walking therapy

Pandemic spurs interest in walk-and-talk therapy

While most psychologists have flocked to online therapy because of COVID-19, a few lucky practitioners have another alternative: walk-and-talk therapy. Walking with patients while talking with them for clinical sessions isn’t new – at least one New York social worker has been doing it for years. But in a worldwide pandemic where outdoor togetherness is […]

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    Cybersecurity for telehealth in the home office

    In March, COVID-19 forced us all to either start operating by telehealth or stop serving clients. The field adjusted quickly and admirably. However, there is now a need for clinicians to develop our basic skills – and legal-ethical compliance – around the security of our home-based telehealth offices. Like any clinical workspace, home offices need […]

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  • dreaming

    Dreams can be valuable in therapy

    Clinical dreamwork and the science of dreaming are separate worlds that rarely cross-fertilize. However, those who work with dreams in clinical practice have much to gain from current dream research findings. We now know much more about the nature and purpose of dreaming than we did even a decade ago, and this new information strengthens […]

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  • teletherapy

    Psychologists pivot to teletherapy as pandemic takes hold

    For clinical psychologist Alison McGrath Howard, Psy.D., the decision to stop practicing face-to-face and begin using teletherapy to counsel patients was a no-brainer. On March 13 – the Friday of the week that COVID-19 turned America upside down — she woke up with a fever and a cough and felt “horrific.” The week before, she’d […]

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  • elderly man getting teletherapy during COVID-19

    COVID-19 brings change to behavioral health for older adults

    The Centers for Disease Control and Prevention (CDC) says eight out of 10 U.S. deaths from the novel coronavirus have been in adults age 65 and older. Nursing homes and assisted living facilities have become hotspots for the virus, accounting for 42 percent of COVID-19 deaths, according to the Foundation for Research on Equal Opportunities […]

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  • teletherapy

    Teletherapy tips

    The National Psychologist talked with psychologists across the country about how they’re managing to operate their practices using teletherapy during the pandemic. Here are some of their suggestions for other practitioners. Talk regularly to other colleagues about the challenges of this “new normal.” Find a teletherapy platform that’s simple, efficient, compliant and has few glitches. […]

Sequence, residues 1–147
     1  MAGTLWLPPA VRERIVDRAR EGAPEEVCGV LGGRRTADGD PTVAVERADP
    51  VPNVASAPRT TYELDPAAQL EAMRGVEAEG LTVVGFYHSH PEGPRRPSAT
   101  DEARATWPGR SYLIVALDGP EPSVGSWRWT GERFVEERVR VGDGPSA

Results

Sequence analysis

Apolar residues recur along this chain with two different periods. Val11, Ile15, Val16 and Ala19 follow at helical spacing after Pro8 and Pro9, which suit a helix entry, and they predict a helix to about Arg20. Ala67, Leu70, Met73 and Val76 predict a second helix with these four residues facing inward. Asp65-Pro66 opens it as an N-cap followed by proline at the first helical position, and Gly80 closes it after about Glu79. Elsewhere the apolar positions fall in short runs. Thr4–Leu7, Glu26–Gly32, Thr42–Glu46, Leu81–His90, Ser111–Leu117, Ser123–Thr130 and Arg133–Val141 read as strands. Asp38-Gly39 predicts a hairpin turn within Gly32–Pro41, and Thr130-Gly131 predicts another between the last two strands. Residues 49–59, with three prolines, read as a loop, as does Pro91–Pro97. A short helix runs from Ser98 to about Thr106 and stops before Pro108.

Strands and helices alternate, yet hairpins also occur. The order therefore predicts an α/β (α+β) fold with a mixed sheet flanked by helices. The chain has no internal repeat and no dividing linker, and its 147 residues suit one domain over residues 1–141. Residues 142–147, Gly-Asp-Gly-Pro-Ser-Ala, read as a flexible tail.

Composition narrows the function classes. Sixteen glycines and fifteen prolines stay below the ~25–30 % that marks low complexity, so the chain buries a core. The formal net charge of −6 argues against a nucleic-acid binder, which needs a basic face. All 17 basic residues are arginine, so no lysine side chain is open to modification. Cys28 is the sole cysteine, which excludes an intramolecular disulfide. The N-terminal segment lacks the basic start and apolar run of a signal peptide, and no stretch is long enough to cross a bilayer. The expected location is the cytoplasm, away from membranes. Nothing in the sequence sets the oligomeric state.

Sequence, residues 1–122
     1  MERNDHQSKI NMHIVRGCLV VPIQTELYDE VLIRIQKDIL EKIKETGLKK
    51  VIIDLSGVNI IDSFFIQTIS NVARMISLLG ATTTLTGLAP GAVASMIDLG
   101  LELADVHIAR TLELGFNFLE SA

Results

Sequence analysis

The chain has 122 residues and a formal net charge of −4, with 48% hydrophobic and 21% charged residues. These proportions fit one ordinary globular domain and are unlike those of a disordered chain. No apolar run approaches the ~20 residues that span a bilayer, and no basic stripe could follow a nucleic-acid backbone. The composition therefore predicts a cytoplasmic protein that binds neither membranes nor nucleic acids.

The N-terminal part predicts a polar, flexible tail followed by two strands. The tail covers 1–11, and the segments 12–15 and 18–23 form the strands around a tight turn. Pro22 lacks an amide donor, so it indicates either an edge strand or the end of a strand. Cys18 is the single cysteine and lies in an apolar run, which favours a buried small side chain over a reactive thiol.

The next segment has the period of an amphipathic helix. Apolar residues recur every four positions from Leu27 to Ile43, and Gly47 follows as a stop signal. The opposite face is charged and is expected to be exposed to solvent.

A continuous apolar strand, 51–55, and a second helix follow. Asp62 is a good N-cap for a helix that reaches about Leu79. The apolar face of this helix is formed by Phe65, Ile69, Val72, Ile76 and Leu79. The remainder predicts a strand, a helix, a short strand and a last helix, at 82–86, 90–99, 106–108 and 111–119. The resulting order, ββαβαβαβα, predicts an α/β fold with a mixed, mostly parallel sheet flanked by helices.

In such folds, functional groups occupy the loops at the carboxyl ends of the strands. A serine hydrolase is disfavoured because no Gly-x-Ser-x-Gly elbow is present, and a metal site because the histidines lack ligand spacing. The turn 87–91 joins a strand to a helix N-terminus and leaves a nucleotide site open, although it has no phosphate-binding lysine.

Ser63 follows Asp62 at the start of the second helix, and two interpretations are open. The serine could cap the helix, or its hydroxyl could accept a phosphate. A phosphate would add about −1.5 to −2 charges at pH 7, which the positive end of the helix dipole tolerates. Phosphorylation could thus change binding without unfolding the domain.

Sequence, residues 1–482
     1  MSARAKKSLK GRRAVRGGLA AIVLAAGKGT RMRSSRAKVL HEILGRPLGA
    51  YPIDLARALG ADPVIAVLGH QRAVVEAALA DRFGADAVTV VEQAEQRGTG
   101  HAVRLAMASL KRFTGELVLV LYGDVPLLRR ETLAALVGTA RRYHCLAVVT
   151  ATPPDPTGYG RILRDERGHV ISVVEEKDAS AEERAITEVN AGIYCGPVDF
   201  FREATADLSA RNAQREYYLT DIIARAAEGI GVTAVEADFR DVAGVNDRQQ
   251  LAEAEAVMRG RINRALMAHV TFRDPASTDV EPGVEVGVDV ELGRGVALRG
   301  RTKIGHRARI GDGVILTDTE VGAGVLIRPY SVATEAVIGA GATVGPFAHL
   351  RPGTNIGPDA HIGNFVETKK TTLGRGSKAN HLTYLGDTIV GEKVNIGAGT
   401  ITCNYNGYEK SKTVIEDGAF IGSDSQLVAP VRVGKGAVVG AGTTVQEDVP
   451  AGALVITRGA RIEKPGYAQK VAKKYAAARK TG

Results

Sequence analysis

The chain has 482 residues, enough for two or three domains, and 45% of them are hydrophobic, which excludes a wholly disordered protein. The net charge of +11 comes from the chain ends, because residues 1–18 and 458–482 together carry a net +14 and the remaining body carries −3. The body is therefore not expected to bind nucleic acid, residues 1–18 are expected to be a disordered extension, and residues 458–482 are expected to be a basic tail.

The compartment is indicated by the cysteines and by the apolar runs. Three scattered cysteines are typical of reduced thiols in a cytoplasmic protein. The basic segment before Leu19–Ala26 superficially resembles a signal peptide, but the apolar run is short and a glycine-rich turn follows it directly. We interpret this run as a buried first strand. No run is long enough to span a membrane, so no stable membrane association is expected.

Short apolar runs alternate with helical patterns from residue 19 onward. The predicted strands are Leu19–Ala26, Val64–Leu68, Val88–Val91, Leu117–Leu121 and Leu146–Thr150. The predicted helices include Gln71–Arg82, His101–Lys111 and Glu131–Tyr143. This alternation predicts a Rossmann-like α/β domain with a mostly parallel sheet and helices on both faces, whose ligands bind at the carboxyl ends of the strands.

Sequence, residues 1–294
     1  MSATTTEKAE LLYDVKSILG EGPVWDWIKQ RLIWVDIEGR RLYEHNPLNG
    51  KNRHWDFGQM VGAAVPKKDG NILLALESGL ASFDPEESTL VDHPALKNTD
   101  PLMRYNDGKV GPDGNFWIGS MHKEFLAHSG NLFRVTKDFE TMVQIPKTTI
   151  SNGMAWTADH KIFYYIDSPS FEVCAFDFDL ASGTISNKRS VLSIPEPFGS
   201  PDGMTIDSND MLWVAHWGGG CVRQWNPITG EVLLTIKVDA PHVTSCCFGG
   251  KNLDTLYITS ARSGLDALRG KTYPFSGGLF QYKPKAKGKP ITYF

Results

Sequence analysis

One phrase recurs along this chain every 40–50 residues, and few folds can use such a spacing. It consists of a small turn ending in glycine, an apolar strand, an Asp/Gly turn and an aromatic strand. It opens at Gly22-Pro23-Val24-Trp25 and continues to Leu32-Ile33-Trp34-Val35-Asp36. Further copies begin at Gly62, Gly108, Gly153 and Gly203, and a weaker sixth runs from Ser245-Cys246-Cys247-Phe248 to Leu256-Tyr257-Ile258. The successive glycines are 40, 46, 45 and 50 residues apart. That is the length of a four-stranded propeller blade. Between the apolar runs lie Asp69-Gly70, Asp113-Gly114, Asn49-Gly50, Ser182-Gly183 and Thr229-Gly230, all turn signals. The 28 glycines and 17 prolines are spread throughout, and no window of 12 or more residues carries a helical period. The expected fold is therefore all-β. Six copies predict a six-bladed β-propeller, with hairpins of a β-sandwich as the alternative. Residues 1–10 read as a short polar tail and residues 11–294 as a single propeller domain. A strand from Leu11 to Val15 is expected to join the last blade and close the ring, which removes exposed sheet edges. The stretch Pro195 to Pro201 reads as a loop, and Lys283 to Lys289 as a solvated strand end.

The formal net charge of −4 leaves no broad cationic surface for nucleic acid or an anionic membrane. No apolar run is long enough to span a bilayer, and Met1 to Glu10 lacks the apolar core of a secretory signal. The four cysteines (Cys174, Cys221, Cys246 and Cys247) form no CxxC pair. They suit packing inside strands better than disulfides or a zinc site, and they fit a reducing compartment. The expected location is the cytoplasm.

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  • human mind and spirit

    Psychotherapy, embodiment and the Dharma

    “I don’t have any experience in applying Western psychotherapy to the Buddhist path.” — H. H. Dalai Lama. These are dark days. And more than anything else it is the stability of the human mind that will determine our outcome. Trying to understand the mind as we psychologists do is a humbling task. And trying […]

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  • online-training

    Geropsychologists find success, satisfaction with all manner of online training

    While many psychologists who provide behavioral health services to older adults are bemoaning 2021 Medicare cuts, online gero-entrepreneurs are helping older adults, family caregivers and staff in long-term care in locations around the world and getting paid for their expertise – with no dependence on insurance and without leaving home. Training webinars conducted through Zoom, […]

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  • therapy husband wife commitment

    Deconstructing competitive commitments

    In the human psyche, competitive commitments occur when the individual is having difficulty committing due to their commitment being in two or more directions at the same time. These commitments are competing due to the reality they are in direct opposition to one another (i.e., freedom versus security). In most cases, the competing commitment is […]

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  • ethics in COVID-19

    Therapy in the time of COVID-19: A look at one ethical issue

    Consider this scenario: During a therapy session, a patient stated that the media was hyping the threat of coronavirus, that it was no worse than the regular flu, and that he was still going out with friends for non-essential social activities. At a time when much of the United States is under “shelter in place” […]

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